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The Skeleton-Man show The High Price of Living centers around the most urgent question of life; our mortality. It may sound morbid to be concerned with personal death but being aware of life’s limit helps us to celebrate life. Death puts existence in perspective and endows it with meaning. It also helps us to trivialise the trivial and be alert to what’s important.
The Contents of the Show
The High Price of Living show is performed by Skeleton-Man aided by a simple Keynote show . Over a duration of 50-60 minutes it touches upon philosophical and religious themes that we all entertain now and then, but rarely stop to ponder more seriously.
That’s a shame because with the right introduction – and personal attitude! – they open for a well of energy. Moreover, through the ages great writers, philosophers and thinkers of all ilks have mused on the human condition and they offer much insight and guidance.
The show, therefore, introduces the audience to thinkers like Søren Kierkegaard, Friedrich Nietzsche, Franz Kafka, Sartre and Camus and their thoughts about death, freedom, isolation and our search for meaning.
And to guide you through the show, Skeleton-Man, will serve as your colorfull and entertaining guide that will make sure everyone’s attention is intrigued and no one is left behind.
Existentialism at the Work Place
The existential conditions of life is the foundation on which all else in existence rests. Naturally then, they also have a decisive effect on how we conduct ourselves at the work place.
This is easy to recognise when we consider man’s pursuit of meaning that is a powerful work place motivator. The terror of death, however, plays out at the work place with just as much might. It can unleash enormous energy but also lead to workaholism, a futile quest for perfection or unreflected reluctance towards change. Similarly, the terror of personal freedom or isolation can result in strained working relations where management and employees unwittingly cripple what could be fruitful and liberating working relationships.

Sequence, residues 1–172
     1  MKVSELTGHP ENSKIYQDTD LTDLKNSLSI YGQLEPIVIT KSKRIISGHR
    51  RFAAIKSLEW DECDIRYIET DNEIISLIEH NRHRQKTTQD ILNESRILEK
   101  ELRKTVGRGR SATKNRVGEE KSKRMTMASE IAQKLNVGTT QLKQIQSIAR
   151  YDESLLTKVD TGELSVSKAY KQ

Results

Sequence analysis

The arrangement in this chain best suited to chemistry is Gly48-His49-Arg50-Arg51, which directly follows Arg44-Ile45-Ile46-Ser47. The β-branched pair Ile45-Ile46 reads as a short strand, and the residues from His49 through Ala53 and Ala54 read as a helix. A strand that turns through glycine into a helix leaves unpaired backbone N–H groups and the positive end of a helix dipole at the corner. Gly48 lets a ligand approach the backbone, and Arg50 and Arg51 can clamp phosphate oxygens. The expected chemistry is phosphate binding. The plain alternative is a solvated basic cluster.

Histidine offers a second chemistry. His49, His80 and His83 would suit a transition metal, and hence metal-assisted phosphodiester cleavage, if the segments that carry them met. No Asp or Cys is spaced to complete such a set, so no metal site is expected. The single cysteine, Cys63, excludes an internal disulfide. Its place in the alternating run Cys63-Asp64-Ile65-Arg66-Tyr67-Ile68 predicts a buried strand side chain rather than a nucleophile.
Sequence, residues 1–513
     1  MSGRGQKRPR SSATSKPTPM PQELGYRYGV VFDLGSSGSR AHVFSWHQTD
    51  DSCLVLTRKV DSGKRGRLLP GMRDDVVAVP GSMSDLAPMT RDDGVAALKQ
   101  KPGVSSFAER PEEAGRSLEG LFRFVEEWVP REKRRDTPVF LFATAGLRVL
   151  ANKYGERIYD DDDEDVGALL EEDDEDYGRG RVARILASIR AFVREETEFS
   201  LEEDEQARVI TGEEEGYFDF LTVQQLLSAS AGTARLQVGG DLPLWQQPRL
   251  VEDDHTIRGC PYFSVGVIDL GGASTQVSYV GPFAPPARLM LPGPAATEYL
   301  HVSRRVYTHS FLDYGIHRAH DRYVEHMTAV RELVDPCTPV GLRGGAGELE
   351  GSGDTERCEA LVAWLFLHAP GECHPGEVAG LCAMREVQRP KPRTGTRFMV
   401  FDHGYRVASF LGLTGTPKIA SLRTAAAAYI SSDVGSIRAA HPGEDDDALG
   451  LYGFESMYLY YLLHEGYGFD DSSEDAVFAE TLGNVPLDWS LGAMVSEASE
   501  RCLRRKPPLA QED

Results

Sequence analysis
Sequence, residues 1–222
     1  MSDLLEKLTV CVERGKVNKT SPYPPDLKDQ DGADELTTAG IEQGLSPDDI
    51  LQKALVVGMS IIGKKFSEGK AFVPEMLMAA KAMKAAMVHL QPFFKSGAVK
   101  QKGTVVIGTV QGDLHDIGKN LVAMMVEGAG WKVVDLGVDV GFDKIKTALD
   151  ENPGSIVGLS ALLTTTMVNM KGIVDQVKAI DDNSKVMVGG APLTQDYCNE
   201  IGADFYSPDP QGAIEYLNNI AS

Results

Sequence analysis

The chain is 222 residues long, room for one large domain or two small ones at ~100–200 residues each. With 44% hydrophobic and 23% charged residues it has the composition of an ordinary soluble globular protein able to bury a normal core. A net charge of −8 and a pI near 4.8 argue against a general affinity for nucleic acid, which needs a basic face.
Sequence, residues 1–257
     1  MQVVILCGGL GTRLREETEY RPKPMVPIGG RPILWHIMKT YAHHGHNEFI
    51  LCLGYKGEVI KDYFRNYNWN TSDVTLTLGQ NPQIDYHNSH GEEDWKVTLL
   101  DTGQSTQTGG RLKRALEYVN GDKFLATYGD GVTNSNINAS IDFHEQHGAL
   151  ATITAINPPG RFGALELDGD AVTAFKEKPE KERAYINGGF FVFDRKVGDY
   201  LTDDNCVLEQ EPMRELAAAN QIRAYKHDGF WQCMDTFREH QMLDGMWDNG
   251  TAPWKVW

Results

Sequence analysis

Existentialism does not offer quick fixes for these types of challenges but will open our eyes for new ways of collaboration and establishing common, meaningful goals – both on an individual and collective plane.
Hence, The High Price of Living is also offered in a version dedicated to organizations and enterprises where questions, such as, workaholism, the quest for perfection, our relation to authorities and the ability to promote “active listening” is considered from an existential perspective.
You can learn more about Organizational Existentialism here.
A Show for All
The High Price of Living appeals to private companies, publics offices and educational institutions that are looking for a creative, entertaining and thought provoking show about “the big questions in life.”